PAJ wants journalism exempted from Data Protection Bill
In its presentation before the Joint Select Committee hearing submissions from interest groups on the Data Protection Act, the Press Association of Jamaica (PAJ) on Tuesday called for journalism to be completely exempted from provisions of the act now being examined.
The association, which was bashed for tardiness by the committee's chairman, Dr Andrew Wheatley, said that there were several problems with the bill, albeit that Section 37 exempts journalism from some provisions of the data-processing regime.
PAJ president Dionne Jackson Miller said the association was concerned that enactment of the bill in its current form would be likely to generate challenges to publication of important stories, which will necessitate expensive and time-consuming court proceedings.
The PAJ would also expressed concerns that attempts would be made to use the courts to impose prior restraint, preventing the publication of material, which is inimical to freedom of the press. A concern also is that the decisions under the act are left to an all-powerful data commissioner, an agent of the State.
"The PAJ took two approaches to its presentation. On the one hand, our preferred and overarching recommendation is for journalism to be exempted entirely from the provisions of the act. Having said that, however, we also drilled down into the specific provisions we find problematic and made recommendations for amendment of each of those," said Jackson Miller.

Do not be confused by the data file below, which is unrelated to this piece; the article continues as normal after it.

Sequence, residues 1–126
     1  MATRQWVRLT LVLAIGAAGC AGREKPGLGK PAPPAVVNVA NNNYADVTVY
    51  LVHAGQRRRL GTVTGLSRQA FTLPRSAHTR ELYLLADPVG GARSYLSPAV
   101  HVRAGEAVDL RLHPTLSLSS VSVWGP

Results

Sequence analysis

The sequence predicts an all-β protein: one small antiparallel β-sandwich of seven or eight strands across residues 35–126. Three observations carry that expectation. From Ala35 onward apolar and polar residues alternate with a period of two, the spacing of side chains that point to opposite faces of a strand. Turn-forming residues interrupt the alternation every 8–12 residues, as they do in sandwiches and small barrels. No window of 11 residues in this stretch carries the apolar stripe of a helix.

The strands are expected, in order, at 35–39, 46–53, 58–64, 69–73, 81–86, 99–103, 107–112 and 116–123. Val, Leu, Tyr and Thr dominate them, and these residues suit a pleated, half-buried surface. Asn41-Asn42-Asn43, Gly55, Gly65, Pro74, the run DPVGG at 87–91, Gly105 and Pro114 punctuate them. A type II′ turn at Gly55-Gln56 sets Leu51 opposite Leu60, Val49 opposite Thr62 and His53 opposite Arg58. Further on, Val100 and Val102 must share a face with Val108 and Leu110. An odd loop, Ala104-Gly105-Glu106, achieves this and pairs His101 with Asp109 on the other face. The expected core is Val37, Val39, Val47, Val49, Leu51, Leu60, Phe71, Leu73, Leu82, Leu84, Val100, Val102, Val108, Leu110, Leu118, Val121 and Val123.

She told the committee that although the recommendation that journalism be exempted entirely sounded far-reaching and bold, it was not really so. According to her, when one examines what the act would be trying to achieve in relation to the practice of journalism, it would be to ensure responsible journalism in the public's interest.
WOULDN'T BE A LEAP
"The PAJ maintains that Jamaica's stringent defamation law regime already addresses this issue, and there is, therefore, no need for additional legislative restrictions," Jackson Miller explained.
She said that the second reason was that as currently exists, so-called "special measures" activities, journalism, and literary and artistic pursuits were already exempted from significant and substantial portions of the act, namely, all the data-protection standards, except standard 7, and sections 6, 10, 12, and 13 (3) , and (4).
"Therefore, it really wouldn't' be a leap to exempt journalism entirely," Jackson Miller contended.
However, despite existing exemptions, the PAJ remains concerned about specific provisions of the bill as follows: Sections 15 and 16, which require registration of data controllers and which give the minister the power to decide who should not be registered with the only criterion being "processing ... unlikely to prejudice the rights and freedom of data subjects".
The PAJ regards this as having the potential to provide a "Big Brother" type of oversight, which is likely to be inimical to investigative journalism.
"We recommend that journalism be exempted from these sections and that consideration be given to stipulating specified categories of data processors to be registered," Jackson Miller said.